Tales of Business “Insecurity” – Part 1

David Anderson is principal of David Anderson & Associates, a Philadelphia forensic accounting firm that provides a full range of fraud investigation, forensic accounting, and marital dissolution services in Philadelphia and the Delaware Valley.

Many businesses implement a wide range of policies and procedures to protect their property, assets, and data.  However, according to forensic accounting expert David Anderson of David Anderson & Associates, a Certified Fraud Examiner in Philadelphia, even the best of policies and procedures are ineffective if employees don’t adhere to them.  The following is Part 1 of a two-part series featuring examples of security failures Anderson has observed in his work:

When Security Badges Aren’t Effective:

Many businesses require employees to wear a security badge and “swipe” it to gain access to facilities.  In one case, a just-fired employee returned to the company that had fired him and waited by the security access door. Other employees who had seen him around (and didn’t know he had been fired), held the door open for him (not noticing he didn’t have a security badge).  He then entered the building, proceeded to pull out a hammer, and vandalized several desktop computers until he was stopped by security officers.

In another case, Anderson said he was visiting the IT department of a large Philadelphia business to conduct an evaluation of its IT controls.  He was standing outside the secure data center when an employee with a large cart full of equipment swiped his security badge to enter the data center.  The employee was struggling to hold the door open for his cart and, seeing Anderson, asked him if he would hold the door (neither Anderson nor the employee had seen each other before, and Anderson was wearing a visitor badge).  Anderson helped and continued to hold the door open until the employee entered the data center and out of view. Anderson, now in center himself, went over to one of the terminals, and, if he had been malicious or interested in stealing data, he said he easily could have entered the necessary commands to do so.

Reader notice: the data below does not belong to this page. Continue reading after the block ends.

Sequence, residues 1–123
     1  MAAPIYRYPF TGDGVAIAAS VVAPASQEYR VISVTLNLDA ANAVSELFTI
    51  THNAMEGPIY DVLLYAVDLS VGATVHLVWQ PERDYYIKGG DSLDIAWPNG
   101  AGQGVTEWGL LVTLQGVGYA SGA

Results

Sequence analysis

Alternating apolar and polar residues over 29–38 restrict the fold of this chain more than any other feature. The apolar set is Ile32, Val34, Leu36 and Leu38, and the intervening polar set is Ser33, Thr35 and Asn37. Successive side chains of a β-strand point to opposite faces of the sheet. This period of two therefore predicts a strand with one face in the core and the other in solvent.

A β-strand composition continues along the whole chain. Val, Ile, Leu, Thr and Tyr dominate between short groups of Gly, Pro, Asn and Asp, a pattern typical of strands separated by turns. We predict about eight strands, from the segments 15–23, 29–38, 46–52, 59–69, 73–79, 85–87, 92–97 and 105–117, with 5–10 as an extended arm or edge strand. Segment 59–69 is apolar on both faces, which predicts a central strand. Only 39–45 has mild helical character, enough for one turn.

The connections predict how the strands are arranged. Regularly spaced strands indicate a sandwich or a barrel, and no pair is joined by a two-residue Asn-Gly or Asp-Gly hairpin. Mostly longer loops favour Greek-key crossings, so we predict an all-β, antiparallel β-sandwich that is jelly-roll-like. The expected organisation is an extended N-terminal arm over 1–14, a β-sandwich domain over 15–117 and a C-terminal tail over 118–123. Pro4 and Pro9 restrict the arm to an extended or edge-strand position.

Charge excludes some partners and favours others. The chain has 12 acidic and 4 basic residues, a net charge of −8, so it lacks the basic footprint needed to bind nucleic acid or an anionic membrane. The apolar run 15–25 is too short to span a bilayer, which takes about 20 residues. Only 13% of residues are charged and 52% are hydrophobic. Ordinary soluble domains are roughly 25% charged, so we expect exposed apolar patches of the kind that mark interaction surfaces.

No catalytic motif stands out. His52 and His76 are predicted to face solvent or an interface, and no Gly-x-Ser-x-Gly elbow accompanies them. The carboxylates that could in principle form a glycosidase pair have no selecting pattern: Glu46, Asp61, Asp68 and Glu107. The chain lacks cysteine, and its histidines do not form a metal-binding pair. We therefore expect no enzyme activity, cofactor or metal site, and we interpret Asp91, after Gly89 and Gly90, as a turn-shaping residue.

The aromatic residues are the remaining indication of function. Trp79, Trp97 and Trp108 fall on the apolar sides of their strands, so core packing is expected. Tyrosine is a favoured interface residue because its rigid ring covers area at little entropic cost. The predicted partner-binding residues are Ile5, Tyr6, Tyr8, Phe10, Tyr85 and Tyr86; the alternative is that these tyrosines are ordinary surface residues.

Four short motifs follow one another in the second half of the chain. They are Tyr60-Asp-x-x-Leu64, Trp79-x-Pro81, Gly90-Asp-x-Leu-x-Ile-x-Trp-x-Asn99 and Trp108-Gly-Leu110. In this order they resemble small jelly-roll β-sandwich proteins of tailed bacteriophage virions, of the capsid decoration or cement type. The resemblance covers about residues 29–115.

When Terminals or Desktop Computers Aren’t “Secure:”

When conducting an IT security evaluation, Anderson wandered into the accounting department of another large Philadelphia business.  He observed an employee tell another he was going to lunch, and then watched him get on the elevator and leave.  Anderson walked over to the now-empty cubicle and noticed the just-departed employee had not logged out of the company’s accounting system.  Anderson said he sat down at the vacant desk and proceeded to access the accounts payable and general ledger applications.  No one challenged him, he said, or even appeared to notice he was there.  Again, had he wanted to, Anderson said he could have caused major damage to the company’s accounting system.

When Confidential Records Aren’t Secure:

When Anderson was a junior auditor (before the days of electronic medical records), his first assignment was on the audit of a large hospital.   One of his assignments was to make sure that selected patient records had been properly entered into the hospital’s accounting system (to facilitate billing).  He said he was unable to locate one patient’s file, and after investigation, learned it was because the patient was still in the hospital (and the records were at the nurse’s station on one of the patient floors).  He said he went up to that floor, and requested the patient’s chart (He said he was not wearing a badge and didn’t identify himself, but was dressed in a business suit).  The nurse handed the requested documents to Anderson, saying, “Here’s the chart, doctor.”